In a climate of seemingly ubiquitous yet covert control, that one might continually question the supposedly benign nature of our everyday urban environment, even the plants, seems to me to be an understandable critical practice. This element of my work is at its most explicit in Hide and Seek: The Dubious Nature of Plant Life in High Security Spaces, a project about the photojournalist Adam Walker-Smith and his attempts to expose the plants that he believes are a ‘suspect’ part of the security apparatus in high security environments. I would say all of my work attempts to encourage a degree of paranoia, in the sense that you are not quite sure whether what you are being presented with is to be believed.


'Virtual Control' explores important, weighty social issues, but manages to carry them with humour. How important is the tongue-in-cheek element of your work?

I personally think it’s quite important, as it’s a way to make people engage with topics that are (obviously) quite dense and serious. There is also often humour to be found in the way that the built environment is constructed too. Architects, land developers and security consultants are people too and so also naturally, like the rest of us, make mistakes. Finding and exaggerating these mistakes, such as the incredibly generic slogans which are posted around construction sites before new luxury environments are built - which I have turned into a series of colourful large format vinyl wallpapers - are also an important insight into their way of thinking.

How did you find working in Photoshop to produce some of the work - creating visual art more than physical photographs?

As a photographer, I was excited by the new opportunity. I’m increasingly drawn to how computers can emulate or borrow visual data captured by cameras for digital visualisations and how these part-photographic processes have other outputs besides the photographic print e.g. the 3D motion visualisation or 3D printed object etc. These uses of photography are often interesting for their political consequences but their existence also challenges our notion of ‘the photographic’ itself.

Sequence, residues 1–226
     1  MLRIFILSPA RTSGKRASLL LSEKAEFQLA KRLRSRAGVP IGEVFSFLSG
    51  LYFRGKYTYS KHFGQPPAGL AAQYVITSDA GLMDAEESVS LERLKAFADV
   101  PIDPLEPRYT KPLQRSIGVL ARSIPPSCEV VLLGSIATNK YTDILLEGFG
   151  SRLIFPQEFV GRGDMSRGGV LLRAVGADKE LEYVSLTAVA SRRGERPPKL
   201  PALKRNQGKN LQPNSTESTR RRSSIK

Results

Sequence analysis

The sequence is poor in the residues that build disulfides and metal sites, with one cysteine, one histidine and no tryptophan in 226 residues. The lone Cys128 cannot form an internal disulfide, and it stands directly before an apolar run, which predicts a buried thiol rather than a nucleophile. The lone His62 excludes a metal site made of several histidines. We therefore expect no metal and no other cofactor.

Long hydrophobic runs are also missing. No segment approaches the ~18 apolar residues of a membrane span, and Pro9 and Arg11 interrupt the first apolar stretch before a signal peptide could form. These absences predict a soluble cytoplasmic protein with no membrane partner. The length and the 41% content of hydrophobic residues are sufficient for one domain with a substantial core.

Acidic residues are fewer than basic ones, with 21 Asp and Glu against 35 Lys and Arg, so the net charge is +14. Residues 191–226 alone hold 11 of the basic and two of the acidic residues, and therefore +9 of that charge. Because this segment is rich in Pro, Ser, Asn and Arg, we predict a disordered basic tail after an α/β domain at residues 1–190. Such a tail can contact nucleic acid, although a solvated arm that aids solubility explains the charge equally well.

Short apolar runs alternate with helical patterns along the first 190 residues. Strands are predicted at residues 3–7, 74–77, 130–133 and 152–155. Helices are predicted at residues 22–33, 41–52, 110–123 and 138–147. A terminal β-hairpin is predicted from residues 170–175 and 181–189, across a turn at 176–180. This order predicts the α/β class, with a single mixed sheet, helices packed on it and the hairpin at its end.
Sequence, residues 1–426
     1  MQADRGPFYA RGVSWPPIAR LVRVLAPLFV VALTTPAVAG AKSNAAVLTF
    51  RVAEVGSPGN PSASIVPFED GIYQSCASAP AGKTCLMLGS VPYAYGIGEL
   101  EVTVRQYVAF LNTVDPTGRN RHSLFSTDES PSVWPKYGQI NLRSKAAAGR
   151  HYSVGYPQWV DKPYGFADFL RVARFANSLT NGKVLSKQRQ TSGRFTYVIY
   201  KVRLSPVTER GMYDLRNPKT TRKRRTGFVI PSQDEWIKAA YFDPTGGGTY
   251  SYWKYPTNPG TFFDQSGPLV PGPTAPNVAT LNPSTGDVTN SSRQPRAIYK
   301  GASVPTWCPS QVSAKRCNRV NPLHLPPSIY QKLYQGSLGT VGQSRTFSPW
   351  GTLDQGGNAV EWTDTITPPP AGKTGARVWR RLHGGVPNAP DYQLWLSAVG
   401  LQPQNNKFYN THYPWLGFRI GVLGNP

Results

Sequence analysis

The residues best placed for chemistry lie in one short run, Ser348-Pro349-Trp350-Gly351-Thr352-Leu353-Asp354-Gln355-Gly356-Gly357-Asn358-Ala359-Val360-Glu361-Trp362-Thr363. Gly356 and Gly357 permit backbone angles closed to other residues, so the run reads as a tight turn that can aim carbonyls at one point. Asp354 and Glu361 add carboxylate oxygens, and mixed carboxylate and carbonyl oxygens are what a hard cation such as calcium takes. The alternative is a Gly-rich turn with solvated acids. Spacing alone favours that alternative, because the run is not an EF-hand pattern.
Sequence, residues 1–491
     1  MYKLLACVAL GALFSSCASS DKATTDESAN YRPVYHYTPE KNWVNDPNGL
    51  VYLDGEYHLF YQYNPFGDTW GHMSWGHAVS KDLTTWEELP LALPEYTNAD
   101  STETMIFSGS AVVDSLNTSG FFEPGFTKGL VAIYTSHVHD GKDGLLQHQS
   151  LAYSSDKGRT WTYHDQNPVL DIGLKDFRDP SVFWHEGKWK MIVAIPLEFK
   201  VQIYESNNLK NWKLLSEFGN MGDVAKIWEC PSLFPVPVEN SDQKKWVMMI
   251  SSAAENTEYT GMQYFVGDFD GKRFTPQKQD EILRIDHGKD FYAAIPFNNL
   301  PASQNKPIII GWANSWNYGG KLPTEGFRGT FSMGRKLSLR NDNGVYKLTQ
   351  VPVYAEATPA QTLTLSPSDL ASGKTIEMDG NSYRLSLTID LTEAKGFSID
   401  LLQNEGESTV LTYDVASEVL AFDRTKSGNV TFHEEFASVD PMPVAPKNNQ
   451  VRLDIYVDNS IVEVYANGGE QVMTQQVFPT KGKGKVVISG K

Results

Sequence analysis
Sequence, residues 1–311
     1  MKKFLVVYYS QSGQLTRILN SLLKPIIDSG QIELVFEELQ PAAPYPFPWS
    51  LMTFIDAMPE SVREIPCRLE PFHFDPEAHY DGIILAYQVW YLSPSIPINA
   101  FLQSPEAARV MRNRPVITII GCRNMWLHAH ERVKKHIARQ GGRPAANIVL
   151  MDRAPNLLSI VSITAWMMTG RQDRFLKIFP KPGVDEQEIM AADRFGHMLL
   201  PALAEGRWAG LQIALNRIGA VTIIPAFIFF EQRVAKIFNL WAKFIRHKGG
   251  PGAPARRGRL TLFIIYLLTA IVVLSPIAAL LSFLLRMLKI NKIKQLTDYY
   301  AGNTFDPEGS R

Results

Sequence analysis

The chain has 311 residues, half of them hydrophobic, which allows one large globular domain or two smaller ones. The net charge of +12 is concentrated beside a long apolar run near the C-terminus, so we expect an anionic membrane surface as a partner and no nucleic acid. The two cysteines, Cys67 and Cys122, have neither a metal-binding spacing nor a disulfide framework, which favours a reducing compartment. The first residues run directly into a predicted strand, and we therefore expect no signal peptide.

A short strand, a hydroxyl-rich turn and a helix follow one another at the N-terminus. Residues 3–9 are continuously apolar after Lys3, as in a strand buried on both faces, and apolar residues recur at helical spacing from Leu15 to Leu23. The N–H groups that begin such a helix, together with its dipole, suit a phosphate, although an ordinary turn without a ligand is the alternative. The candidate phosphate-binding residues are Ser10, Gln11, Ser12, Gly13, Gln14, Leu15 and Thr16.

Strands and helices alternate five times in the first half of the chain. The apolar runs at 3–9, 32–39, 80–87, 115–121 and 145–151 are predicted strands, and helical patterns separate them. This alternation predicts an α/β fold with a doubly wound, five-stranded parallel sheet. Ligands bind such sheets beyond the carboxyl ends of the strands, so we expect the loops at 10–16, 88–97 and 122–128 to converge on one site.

One particular project of mine, Images of Enjoyment and Spectacle, addresses this trend by appropriating digital visualisations used by architects to sell new exclusive urban developments before they are built. These so-called ‘photorealistic’ images look like photographs and use photographic elements, such as stock images of happy people and blue skies, but are composed on the computer. To exaggerate the artifice of such image-making, I’ve reduced all digitally generated elements in these images (the buildings and landscapes) to a more simple set of related colours; only the photographic elements in their original choreography remain completely untouched. This approach, as with the original image, is rigidly rooted in a contemporary photographic process; how the photographic data has been arranged amongst other visual elements on the computer for visual theatre. 

What's next for you? Do you see the work continuing in other forms? 

I’ve just finished an animated virtual tour, which explores what a London bus would look like if it was segregated to cater for ‘premium clients’ on the top deck and ‘budget travelers’ on the bottom deck. This will be a really interesting show with a number of other graduates from the Slade, presenting a set of interventions that encourage an examination of the way this public space is designed.

I would say that I am developing a more ‘media-agnostic’ approach to producing my work. I might always start with photography or use photographic elements but, drawing on contemporary marketing and architectural practices, I am increasingly open to exploring different media outputs. This approach helps me explore the manipulation of the photographic but also the control of the urban environment in its widest sense.